Home GENERAL NEWS Beautiful business of rearing pigeons, doves

Beautiful business of rearing pigeons, doves

by biasharadigest

Located in Mwezang’ombe–Bofa, about 2km away from the sandy beaches of Kilifi County, the two-acre farm is surrounded by a high stone wall.

Inside the farm named Davao, one is welcomed by the sounds of pigeons cooing and palm trees whistling as they dance to a cool breeze blowing from the Indian Ocean.

“This is a pigeon and dove kingdom,” Salim Mbarak, 57, the owner of the farm, says in jest.

The farmer is a pigeon enthusiast and has invested in the birds, keeping various breeds, alongside doves.

But he did not start with pigeons. In 2018, with his brother Mbarak Nassib, they built four poultry houses, bought a 50-egg incubator and 200 Kenbrow day-old chicks at Sh120 each to start the project.

The initiative went on well, with the two selling a majority of the birds and his family consuming some.


“It was a good start because I sold the birds at Sh1,000 each for meat,” he explains.

Buoyed by the feat, they introduced improved kienyeji birds for eggs and meat but things did not go as expected as most of them died.

“I kept the rest until they started laying eggs and then opted out of chicken business because of high cost of production. Feeds were expensive and few people were willing to buy fertilised eggs at Sh20 each,” says Mbarak.

Smarting from the failed chicken project, Mbarak was introduced by a friend to dove and pigeon farming last year.


“I modified the chicken coops by constructing small compartments for the birds because they love them that way. I also erected their rest zones and feeders in an enclosure where they stay when they come out of their cages.”

The farmer started with 10 pairs of doves, six pairs of the spectacular white Indian fantail pigeons, two pairs of the American fantail and Fichier pigeons and a pair Cauneu rouge pigeons.

The doves went for Sh200 each and the pigeons Sh30,000 a pair, with the farmer spending over Sh300,000.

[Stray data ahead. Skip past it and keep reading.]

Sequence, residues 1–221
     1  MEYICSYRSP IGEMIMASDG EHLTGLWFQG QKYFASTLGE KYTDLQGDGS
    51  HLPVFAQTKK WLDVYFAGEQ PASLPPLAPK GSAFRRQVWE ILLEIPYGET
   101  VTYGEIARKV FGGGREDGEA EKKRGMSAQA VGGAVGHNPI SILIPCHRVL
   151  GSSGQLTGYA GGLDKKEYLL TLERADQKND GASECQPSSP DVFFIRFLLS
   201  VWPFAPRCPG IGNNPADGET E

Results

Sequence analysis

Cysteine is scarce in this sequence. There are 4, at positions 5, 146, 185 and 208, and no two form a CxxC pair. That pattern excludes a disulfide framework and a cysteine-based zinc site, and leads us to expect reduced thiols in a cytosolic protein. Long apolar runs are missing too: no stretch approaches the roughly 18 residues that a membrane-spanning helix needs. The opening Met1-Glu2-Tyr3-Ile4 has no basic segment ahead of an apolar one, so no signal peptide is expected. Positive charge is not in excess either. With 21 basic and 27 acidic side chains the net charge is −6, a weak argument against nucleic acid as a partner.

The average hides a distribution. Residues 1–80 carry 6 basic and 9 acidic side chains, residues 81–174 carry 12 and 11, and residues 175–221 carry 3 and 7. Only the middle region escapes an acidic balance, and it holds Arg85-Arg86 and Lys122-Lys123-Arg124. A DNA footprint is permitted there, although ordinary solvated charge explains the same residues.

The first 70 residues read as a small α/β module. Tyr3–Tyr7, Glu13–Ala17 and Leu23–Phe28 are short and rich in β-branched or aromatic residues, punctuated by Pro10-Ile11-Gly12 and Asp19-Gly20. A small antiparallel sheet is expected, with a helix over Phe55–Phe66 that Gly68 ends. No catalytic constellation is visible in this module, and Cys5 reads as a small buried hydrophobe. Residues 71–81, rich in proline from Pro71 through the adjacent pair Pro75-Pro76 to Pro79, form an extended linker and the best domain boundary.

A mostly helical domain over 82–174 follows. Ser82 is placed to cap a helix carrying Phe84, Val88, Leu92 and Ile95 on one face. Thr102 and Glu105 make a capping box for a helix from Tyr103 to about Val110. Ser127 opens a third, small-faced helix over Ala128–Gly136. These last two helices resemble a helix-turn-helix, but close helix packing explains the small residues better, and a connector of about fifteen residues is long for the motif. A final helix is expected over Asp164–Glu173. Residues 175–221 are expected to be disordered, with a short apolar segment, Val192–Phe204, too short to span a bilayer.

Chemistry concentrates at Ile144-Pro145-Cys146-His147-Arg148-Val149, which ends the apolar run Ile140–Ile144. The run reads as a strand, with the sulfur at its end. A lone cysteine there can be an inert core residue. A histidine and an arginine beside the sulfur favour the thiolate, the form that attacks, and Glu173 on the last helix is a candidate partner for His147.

“I have 150 doves and pigeons on the farm in total,” says Mbarak, noting only size differentiates the birds, with doves being smaller and mostly white.

George Danda, the farm manager, says pigeons and doves are easy to rear and are beautiful to watch as they fly around and their cooing is therapeutic.

“Doves and pigeons are clean birds and not labour-intensive. They need adequate food that includes grains and water in containers to bathe at least twice every week.”

doves img2

Some of the birds that the farmer keeps at his farm named Davao in Kilifi County. He has 150 doves and pigeons on the farm in total. PHOTO | BOZO JENJE | NATION MEDIA GROUP

They feed them mainly maize bran, millet and sunflower seeds, though they can also consume peas, wheat, groundnuts and insects.

“The two birds stay mostly in pairs and can live for up to 15 years, thus one had better keep an even number. They are very faithful birds; the female sticks to her male partner without switching to another,” he observes.

Mature doves and pigeons start to lay eggs in a specially made grass nest at three months. They lay two eggs at most, which hatch after 18 days into squabs that are cared by both the male and female birds.


“The squabs are fed by the female pigeons through the mouth until they reach a month old. We then start to feed them on grains,” he says, adding that they keep the doves and birds separately.

At three to four months, they are mature and ready to start a new life cycle as couples.

“At this stage, you can sell them or eat them,” says Ganda, adding a pair of doves goes for Sh400 and the ornamental pigeons Sh15,000. Pigeon and dove eggs go for Sh30 each.

Apart from keeping the birds for their ornamental value and eggs, Mbarak loves eating dove meat, noting it is lean and has less fat. The pigeons are mainly kept for ornamental purposes.

“But I don’t eat any, only the black ones. The white doves and pigeons are for breeding and sale. The meat is superb when cooked or roasted after they mature in three to four months.”

Some of the threats to the birds include snakes, mites and rats, parasites like roundworms and tapeworms and diseases such as diarrhoea, cholera, Newcastle and tuberculosis.

“When they are sick, we call a veterinary officer to provide proper treatment and we also vaccinate them,” Danda states, adding they also keep three bantams, guinea fowl, Pekin ducks and five geese.

Mbarak says he had employed two workers for the project but had to release one due to challenges arising from Covid-19 pandemic. 

Dorcas Libuku, a veterinary doctor based in Kikambala, says pigeons and doves require cleaner spaces and good ventilation to reduce the chances of diseases.

“They are exotic birds and they are economical to keep but not many rear them because the of the high cost of the parent stock. Farmers need training to understand skills required to keep the birds profitably.”

Related Posts

Slot Gacor

Slot Gacor Terbaru


Slot Gacor

Slot Gacor Terbaru